This "gigantic and generous treatment," we presume, is offered in the pages which ensue. The poem is written in wild, irregular, unrhymed, almost unmetrical "lengths," like the measured prose of Mr. Martin Farquhar Tupper's Proverbial Philosophy, or of some of the Oriental writings. The external form, therefore, is startling, and by no means seductive, to English ears, accustomed to the sumptuous music of ordinary metres; and the central principle of the poem is equally staggering. It seems to resolve itself into an all-attracting egotism—an eternal presence of the individual soul of Walt Whitman in all things, yet in such wise that this one soul shall be presented as a type of all human souls whatsoever. He goes forth into the world, this rough, devil-may-care Yankee; passionately identifies himself with all forms of being, sentient or inanimate; sympathizes deeply with humanity; riots with a kind of Bacchanal fury in the force and fervour of his own sensations; will not have the most vicious or abandoned shut out from final comfort and reconciliation; is delighted with Broadway, New York, and equally in love with the desolate backwoods, and the long stretch of the uninhabited prairie, where the wild beasts wallow in the reeds, and the wilder birds start upwards from their nests among the grass; perceives a divine mystery wherever his feet conduct or his thoughts transport him; and beholds all beings tending towards the central and sovereign Me. Such, as we conceive, is the key to this strange, grotesque, and bewildering book; yet we are far from saying that the key will unlock all the quirks and oddities of the volume. Much remains of which we confess we can make nothing; much that seems to us purely fantastical and preposterous; much that appears to our muddy vision gratuitously prosaic, needlessly plain-speaking, disgusting without purpose, and singular without result. There are so many evidences of a noble soul in Whitman's pages that we regret these aberrations, which only have the effect of discrediting what is genuine by the show of something false; and especially do we deplore the unnecessary openness with which Walt reveals to us matters which ought rather to remain in a sacred silence. It is good not to be ashamed of Nature; it is good to have an all-inclusive charity; but it is also good, sometimes, to leave the veil across the Temple.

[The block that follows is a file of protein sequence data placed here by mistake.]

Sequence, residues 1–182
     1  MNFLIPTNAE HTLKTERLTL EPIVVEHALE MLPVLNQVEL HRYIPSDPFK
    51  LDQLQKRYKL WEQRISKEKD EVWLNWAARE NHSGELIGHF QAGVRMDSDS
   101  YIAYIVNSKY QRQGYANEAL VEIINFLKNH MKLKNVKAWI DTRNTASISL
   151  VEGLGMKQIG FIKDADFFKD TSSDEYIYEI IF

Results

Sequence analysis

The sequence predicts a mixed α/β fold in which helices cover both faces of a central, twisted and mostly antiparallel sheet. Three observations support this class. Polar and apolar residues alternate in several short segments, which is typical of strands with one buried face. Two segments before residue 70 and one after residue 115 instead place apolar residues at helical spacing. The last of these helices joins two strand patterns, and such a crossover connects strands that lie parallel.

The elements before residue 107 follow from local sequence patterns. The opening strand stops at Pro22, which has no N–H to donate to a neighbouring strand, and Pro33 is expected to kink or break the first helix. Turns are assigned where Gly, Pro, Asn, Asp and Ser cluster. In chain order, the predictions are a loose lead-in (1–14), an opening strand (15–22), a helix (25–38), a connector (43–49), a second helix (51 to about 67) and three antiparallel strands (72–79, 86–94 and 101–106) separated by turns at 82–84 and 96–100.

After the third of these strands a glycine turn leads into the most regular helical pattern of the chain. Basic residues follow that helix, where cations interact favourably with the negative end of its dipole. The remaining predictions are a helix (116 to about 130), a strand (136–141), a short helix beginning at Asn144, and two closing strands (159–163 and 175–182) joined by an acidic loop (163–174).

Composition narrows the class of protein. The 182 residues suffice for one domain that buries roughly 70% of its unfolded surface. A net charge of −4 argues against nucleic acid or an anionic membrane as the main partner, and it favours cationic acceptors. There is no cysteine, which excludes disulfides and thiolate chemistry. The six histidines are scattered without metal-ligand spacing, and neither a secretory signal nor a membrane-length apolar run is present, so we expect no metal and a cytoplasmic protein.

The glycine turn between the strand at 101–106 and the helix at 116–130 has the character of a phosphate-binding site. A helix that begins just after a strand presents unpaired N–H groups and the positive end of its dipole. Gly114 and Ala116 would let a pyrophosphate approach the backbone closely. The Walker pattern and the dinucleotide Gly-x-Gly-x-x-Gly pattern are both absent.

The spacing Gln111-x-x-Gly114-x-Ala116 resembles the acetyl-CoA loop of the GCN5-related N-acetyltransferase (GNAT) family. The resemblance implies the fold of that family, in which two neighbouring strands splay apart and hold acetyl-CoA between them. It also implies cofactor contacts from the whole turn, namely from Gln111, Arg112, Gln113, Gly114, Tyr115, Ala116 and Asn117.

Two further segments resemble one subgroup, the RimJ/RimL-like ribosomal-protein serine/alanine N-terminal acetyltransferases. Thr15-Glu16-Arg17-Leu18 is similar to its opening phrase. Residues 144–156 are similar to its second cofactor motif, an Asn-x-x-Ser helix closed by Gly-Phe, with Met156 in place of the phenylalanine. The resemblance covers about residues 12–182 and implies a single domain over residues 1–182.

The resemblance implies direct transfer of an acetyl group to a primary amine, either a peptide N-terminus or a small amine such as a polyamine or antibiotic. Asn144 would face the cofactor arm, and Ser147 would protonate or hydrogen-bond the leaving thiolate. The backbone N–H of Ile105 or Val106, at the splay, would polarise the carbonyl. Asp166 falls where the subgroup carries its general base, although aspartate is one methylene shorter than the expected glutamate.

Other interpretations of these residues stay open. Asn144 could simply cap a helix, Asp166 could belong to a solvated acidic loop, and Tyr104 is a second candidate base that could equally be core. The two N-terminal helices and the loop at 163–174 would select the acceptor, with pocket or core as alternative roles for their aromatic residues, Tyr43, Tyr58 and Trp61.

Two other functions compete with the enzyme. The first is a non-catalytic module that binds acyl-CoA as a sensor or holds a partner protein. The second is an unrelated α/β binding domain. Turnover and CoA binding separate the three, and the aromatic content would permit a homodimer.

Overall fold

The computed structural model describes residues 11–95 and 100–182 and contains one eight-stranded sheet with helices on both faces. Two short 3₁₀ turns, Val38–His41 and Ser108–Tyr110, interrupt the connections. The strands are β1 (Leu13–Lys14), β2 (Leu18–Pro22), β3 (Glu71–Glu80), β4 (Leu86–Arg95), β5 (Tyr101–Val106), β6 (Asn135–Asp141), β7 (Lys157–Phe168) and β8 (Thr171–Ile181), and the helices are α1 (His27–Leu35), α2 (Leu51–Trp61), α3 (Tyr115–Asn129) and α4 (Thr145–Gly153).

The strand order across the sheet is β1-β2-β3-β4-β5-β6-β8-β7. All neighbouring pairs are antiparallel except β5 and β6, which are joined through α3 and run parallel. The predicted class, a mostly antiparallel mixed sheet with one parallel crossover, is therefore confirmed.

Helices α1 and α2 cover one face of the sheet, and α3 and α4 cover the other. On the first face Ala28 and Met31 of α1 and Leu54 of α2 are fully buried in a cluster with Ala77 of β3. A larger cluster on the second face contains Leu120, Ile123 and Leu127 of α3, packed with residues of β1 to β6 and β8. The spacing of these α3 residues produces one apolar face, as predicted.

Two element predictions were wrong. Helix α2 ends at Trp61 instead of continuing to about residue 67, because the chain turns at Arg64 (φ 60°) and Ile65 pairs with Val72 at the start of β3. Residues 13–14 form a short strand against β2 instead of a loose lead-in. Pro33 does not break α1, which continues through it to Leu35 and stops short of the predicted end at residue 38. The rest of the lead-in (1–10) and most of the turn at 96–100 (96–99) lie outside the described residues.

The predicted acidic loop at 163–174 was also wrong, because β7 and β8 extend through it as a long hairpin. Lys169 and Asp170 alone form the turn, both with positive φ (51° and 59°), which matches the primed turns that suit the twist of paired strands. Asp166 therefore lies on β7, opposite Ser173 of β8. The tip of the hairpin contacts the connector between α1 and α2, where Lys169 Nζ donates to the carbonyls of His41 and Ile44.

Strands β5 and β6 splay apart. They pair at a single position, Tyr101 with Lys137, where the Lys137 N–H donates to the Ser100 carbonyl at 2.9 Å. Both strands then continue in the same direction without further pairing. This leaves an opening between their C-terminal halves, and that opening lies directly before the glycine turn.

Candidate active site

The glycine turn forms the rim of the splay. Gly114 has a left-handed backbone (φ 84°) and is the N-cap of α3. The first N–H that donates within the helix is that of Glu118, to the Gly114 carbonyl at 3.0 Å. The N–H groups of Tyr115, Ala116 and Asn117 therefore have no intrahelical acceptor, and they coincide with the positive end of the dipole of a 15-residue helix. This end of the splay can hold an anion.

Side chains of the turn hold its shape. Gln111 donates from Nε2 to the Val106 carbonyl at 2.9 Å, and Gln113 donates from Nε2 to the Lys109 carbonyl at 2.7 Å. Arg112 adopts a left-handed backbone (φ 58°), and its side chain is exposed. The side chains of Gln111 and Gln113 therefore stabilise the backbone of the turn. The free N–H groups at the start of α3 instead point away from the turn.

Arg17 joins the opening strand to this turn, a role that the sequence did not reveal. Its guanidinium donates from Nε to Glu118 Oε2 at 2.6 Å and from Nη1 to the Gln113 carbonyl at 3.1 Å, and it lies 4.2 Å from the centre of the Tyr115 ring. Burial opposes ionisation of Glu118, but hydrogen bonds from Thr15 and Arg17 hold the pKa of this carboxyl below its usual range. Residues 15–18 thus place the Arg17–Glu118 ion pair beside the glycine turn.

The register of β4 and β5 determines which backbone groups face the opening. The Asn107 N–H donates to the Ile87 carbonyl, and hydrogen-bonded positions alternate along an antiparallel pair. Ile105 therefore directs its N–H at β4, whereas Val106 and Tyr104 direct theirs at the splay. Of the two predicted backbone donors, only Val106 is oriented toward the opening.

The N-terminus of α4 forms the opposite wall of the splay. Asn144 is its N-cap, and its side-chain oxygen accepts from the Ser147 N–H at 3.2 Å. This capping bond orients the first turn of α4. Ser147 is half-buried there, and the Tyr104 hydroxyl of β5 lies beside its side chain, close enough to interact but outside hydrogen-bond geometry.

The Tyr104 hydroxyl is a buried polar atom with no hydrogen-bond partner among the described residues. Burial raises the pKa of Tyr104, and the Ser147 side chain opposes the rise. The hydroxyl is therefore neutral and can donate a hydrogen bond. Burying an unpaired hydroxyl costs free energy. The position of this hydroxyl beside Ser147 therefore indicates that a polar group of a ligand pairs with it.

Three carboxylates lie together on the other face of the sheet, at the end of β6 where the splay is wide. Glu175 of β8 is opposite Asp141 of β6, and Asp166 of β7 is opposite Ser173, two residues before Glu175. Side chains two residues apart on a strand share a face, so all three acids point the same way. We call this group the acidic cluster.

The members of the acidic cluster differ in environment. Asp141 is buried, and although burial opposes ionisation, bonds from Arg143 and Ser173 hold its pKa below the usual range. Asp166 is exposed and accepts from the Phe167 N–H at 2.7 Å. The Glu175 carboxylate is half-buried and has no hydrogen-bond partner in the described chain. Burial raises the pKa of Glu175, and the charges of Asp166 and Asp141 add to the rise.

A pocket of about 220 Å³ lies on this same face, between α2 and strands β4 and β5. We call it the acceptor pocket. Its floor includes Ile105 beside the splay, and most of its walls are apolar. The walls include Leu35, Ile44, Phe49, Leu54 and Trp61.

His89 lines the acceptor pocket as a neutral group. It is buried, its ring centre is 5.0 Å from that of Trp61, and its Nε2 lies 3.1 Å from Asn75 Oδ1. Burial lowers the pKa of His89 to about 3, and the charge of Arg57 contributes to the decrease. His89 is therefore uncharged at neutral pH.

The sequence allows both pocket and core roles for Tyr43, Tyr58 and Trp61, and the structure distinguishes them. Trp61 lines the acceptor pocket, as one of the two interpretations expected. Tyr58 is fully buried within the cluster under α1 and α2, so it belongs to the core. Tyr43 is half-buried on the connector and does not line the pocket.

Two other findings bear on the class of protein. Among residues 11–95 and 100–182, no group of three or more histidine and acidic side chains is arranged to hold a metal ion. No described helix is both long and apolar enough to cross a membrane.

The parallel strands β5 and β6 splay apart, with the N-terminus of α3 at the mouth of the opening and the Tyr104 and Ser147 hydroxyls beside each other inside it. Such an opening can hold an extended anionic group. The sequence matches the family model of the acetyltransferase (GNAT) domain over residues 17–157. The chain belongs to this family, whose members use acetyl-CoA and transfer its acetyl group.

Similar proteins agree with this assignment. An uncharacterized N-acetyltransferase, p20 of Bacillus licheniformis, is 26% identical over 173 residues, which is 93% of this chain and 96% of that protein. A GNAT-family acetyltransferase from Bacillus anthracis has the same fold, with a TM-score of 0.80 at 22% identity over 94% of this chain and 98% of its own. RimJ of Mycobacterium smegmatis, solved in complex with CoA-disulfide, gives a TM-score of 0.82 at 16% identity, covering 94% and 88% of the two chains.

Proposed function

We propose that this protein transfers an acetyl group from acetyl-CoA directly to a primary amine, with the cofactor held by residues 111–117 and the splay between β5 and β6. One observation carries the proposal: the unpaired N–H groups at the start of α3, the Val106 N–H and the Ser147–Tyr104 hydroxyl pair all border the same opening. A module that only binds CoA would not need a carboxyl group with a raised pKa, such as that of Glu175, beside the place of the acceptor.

That the reader may be made acquainted with the vividness with which Walt can paint the unhackneyed scenery of his native land, we subjoin a panorama:—

By the city's quadrangular houses . . . in log-huts, or camping with lumber-men, Along the ruts of the turnpike . . . along the dry gulch and rivulet bed, Hoeing my onion-patch, and rows of carrots and parsnips . . . crossing savannas . .  
 trailing in forests,
Prospecting . . . gold-digging . . . girdling the trees of a new purchase, Scorched ankle-deep by the hot sand . . . hauling my boat down the shallow river; Where the panther walks to and fro on a limb overhead . . . where the buck turns  
 furiously at the hunter,
Where the rattlesnake suns his flabby length on a rock . . . where the otter is feed- 
 ing on fish,
Where the alligator in his tough pimples sleeps by the bayou, Where the black bear is searching for roots or honey . . . where the beaver pats the  
 mud with his paddle-tail;
Over the growing sugar . . . over the cotton plant . . . over the rice in its low,  
 moist field;
Over the sharp-peaked farmhouse with its scalloped scum and slender shoots from the  
Over the western persimmon . . . over the long-leaved corn and the delicate blue  
 flowered flax;
Over the white and brown buckwheat, a hummer and a buzzer there with the rest, Over the dusky green of the rye as it ripples and shades in the breeze; Scaling mountains . . . pulling myself cautiously up . . . holding on by low  
 scragged limbs,
Walking the path worn in the grass and beat through the leaves of the brush; Where the quail is whistling betwixt the woods and the wheatlot, Where the bat flies in the July eve . . . where the great goldbug drops through the  
Where the flails keep time on the barn floor, Where the brook puts out of the roots of the old tree and flows to the meadow, Where cattle stand and shake away flies with the tremulous shuddering of their hides, Where the cheese-cloth hangs in the kitchen, and andirons straddle the hearth-slab,  
 and cobwebs fall in festoons from the rafters;
Where triphammers crash . . . where the press is whirling its cylinders; Wherever the human heart beats with terrible throes out of its ribs.